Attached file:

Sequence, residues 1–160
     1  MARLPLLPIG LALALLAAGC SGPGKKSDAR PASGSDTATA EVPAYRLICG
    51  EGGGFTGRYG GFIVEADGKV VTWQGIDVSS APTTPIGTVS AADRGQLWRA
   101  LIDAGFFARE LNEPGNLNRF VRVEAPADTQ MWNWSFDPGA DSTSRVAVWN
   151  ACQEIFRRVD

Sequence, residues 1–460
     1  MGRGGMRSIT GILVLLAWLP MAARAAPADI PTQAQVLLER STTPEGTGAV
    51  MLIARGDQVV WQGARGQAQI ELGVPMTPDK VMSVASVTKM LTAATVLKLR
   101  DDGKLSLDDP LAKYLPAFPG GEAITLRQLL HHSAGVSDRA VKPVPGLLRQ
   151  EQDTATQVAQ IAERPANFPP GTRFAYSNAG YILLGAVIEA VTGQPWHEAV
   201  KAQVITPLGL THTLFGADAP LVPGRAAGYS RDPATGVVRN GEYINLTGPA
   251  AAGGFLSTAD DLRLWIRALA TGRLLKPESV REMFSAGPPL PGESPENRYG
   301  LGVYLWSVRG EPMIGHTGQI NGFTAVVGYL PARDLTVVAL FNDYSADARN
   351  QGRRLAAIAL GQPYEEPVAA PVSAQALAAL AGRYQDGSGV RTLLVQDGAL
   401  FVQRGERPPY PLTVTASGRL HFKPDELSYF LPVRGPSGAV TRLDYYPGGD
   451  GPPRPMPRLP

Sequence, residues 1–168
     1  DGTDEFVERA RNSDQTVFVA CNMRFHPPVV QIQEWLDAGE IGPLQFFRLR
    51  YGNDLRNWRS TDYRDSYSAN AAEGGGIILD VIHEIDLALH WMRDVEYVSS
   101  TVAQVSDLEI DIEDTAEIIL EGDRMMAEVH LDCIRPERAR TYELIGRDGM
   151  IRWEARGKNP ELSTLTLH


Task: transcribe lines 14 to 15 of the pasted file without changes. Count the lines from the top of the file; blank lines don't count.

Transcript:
   351  QGRRLAAIAL GQPYEEPVAA PVSAQALAAL AGRYQDGSGV RTLLVQDGAL
   401  FVQRGERPPY PLTVTASGRL HFKPDELSYF LPVRGPSGAV TRLDYYPGGD